It’s been six months since the brokerage industry faced the doldrums of the new ESMA regulations in the EU. As largely expected, the industry got hit hard, primarily due to rising acquisition costs and a sharp decline in trading volumes.
After a brief period of shock and downgrades in the outlook for major brokerages, the market appears to have fully discounted the impact from the new ESMA regulations as of the beginning of December.
Around that time, the industry got the news from the FCA that European regulators intend to make the temporary product intervention measures permanent. The uncertainty which dominated the market was finally gone, and brokers accepted the new status quo in the EU market.
Publicly Traded Brokers
Today’s market open in London brought a rally to the sector. As June Felix bought a second batch of 17,000 shares worth around £100,000, investors interpreted the move as a signal of returning confidence.
The notion that the worst is now behind us was reinforced in conversations with multiple executives from the industry sharing their views on the impact of ESMA’s measures. Most companies appear to have adapted to the new environment in one way or another.
Publicly-traded brokers who do not have the flexibility that smaller market players do have adopted their own approach to the market. Turning retail clients into professional is one of the themes which mitigated the impact from ESMA’s new regulatory move last year.
Examining the year-on-year performance of publicly-traded brokers, we identify one outlier: Plus500. The company’s extraordinary run into the crypto space last year managed to keep it well bid even throughout the low volatility of 2018.
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Bottoming Out… for Now
The final months of the year and a tumultuous equities market in the final quarter caused the firm to upgrade its guidance for the second half. As a result, shares of the company traded about 35 percent higher year-on-year.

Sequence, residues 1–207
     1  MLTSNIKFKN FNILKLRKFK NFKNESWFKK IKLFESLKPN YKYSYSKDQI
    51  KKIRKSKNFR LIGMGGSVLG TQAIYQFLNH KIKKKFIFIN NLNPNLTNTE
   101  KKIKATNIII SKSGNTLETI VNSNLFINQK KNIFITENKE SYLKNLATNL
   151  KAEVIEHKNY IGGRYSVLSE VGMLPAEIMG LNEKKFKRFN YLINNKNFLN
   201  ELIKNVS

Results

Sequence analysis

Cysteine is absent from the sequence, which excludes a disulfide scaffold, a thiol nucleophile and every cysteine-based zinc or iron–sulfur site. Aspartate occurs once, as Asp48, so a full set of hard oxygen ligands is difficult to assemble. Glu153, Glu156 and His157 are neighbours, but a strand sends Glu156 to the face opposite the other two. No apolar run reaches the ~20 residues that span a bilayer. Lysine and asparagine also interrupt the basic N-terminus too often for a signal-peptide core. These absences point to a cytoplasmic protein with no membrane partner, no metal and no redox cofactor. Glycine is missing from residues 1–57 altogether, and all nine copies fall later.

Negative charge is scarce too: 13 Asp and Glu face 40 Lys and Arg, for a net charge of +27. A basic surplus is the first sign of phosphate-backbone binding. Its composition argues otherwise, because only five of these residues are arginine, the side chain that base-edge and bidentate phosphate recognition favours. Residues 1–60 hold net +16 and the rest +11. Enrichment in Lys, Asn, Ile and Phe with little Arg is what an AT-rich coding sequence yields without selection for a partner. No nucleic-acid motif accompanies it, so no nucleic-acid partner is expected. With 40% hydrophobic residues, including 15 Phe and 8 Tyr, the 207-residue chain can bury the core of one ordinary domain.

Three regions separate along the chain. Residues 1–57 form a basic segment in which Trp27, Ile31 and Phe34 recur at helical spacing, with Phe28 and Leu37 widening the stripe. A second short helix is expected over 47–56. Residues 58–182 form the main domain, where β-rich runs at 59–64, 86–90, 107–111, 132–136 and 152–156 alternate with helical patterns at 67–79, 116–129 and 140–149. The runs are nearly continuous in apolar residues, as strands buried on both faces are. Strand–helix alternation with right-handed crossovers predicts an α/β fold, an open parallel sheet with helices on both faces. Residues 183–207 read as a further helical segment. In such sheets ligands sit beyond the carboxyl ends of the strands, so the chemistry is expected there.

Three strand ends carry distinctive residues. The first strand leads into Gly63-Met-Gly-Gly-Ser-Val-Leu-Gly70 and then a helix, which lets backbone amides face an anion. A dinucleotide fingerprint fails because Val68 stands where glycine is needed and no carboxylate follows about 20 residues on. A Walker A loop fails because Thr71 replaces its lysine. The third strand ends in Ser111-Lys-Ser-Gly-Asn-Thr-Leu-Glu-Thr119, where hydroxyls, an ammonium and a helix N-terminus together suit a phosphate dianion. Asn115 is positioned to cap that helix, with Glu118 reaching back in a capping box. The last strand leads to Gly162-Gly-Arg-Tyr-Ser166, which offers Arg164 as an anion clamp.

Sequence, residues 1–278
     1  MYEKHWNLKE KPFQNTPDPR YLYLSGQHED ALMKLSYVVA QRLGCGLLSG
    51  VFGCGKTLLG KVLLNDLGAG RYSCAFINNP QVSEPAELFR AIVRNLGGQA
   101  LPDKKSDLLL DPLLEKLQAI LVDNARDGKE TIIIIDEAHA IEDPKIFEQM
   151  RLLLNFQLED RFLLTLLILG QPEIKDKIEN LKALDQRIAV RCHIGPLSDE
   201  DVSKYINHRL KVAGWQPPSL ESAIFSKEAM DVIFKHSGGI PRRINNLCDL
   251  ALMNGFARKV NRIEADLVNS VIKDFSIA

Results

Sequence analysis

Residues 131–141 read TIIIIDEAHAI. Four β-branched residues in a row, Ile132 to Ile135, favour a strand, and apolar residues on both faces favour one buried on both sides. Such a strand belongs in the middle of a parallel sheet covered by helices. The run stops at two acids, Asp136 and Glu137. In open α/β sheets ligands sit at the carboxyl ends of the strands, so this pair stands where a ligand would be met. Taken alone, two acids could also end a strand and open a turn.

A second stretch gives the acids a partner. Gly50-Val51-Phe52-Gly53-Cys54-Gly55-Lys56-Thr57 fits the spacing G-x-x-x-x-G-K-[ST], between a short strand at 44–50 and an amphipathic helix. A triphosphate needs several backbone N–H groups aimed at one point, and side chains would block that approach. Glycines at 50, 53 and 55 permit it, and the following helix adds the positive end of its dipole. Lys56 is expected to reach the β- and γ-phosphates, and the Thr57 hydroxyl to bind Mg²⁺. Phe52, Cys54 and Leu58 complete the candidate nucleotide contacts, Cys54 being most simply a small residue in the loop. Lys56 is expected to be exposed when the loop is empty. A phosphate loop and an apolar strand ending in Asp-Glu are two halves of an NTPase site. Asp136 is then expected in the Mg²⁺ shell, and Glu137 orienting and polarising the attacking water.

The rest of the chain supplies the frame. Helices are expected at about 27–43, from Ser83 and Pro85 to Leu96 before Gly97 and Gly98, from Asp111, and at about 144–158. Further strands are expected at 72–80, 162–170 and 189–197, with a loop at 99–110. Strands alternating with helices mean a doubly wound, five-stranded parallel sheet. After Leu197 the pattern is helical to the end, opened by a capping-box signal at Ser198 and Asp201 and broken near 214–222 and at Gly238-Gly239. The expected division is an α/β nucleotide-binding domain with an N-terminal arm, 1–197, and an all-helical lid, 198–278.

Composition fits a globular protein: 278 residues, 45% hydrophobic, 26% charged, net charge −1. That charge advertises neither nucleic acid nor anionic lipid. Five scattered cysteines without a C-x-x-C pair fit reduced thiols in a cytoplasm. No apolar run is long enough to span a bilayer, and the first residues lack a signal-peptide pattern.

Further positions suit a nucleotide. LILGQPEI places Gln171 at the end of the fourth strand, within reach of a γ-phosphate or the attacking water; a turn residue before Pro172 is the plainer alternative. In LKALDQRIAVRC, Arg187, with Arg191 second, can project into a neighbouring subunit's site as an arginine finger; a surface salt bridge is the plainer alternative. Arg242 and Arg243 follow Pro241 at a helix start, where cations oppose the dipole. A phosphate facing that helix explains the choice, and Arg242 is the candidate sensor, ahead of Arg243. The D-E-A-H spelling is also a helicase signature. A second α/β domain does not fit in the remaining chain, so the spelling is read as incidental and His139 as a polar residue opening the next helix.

CMC Markets is at the bottom when it comes to raw share price performance. The company’s stock is trading lower by 25 percent when compared to last February. IG Group’s performance is a touch better as it trades lower by 18 percent over the same period of time. GAIN Capital’s buyback program stabilized the firm’s shares as it traded only 8.5 percent lower when compared to a year ago.
The common denominator for all companies, however, is that they are all trading higher than in the final months of 2018. Looking at the companies’ year-to-date performance, all publicly-traded brokers are performing steadily.
CMC is up 13.7 percent in 2019, followed by Plus500 at 12.8% and IG Group at 12.1%. GAIN Capital’s performance YTD is slightly weaker as the company’s shares rallied only 7.8% so far.
In tandem with rising acquisition costs in Europe, firms have also doubled down on their efforts to attract clients from outside of the EU. While publicly-traded companies have focused on regulated markets, other market players have adopted a more flexible approach.
Offshore Branches and Brands
A number of companies from the industry have chosen different diversification tactics to mitigate the impact. While publicly-traded brokers have strictly focused on regulated markets, other companies took advantage of regulatory arbitrage opportunities.
Some companies opened offshore branches, while others started new brands for their subsidiaries located in remote island areas. Companies holding Australian licenses capitalized in a big way, while smaller firms turned to island jurisdictions like The Bahamas, Vanuatu, and Seychelles.
Despite card deposit difficulties, the new subsidiaries found different ways to process deposits and withdrawals. This part of the industry appears to have moved away from jurisdictions like Cyprus and even the FCA to open subsidiaries that can remain competitive in the current market.